10. Sloane Stephens

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Total earnings: $9.6 million

Prize money: $4.1 million

Endorsements: $5.5 million

The 2017 U.S. Open champion returns to Flushing Meadows this year wearing a tennis shoe based on the “Aqua” colorway of Nike’s retro Air Jordan VIII. Her Nike pact, which began last year, is one of the biggest in the sport. Stephens recently announced her engagement to soccer star Jozy Altidore.

9. Simona Halep

The Championships - Wimbledon 2019
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Total earnings: $10.2 million

Prize money: $6.2 million

Endorsements: $4 million

Halep has won only one event in 2019, but it was a big one: Wimbledon, and its $3 million payday, her second career Grand Slam title. The Romanian pro counts Nike, Wilson, Mercedes-Benz and Hublot among her sponsors.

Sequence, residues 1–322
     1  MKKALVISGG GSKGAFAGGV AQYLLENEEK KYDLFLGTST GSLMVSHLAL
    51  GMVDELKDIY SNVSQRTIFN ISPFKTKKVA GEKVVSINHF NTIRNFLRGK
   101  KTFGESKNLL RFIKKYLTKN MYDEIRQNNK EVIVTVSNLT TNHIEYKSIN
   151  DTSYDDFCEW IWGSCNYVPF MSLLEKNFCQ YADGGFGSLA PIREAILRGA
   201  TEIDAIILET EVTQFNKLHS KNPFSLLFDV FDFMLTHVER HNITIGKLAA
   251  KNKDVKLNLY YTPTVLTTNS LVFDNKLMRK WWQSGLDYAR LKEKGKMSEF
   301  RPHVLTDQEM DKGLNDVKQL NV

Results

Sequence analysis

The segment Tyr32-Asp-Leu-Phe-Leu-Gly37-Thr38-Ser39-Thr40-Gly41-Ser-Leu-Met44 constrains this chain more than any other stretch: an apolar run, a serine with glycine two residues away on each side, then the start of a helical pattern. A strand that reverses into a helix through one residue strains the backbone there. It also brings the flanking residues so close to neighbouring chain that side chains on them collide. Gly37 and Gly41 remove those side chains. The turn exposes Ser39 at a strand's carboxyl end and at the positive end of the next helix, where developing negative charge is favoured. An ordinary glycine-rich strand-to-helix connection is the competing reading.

8. Angelique Kerber

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Total earnings: $11.3 million

Prize money: $5.3 million

Endorsements: $6 million

Kerber triggered lucrative bonuses from sponsors, namely Adidas, with her 2018 Wimbledon title and year-end rank of second in the world. In addition to Adidas, the German pro has also renewed deals with SAP, Generali and NetJets since Wimbleon and recently inked a new pact with Procter & Gamble’s Head & Shoulders brand. Other endorsements include Yonex, Porsche, Rolex and Lavazza.

7. Alexander Zverev

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Total earnings: $11.8 million

Prize money: $6.3 million

Endorsements: $5.5 million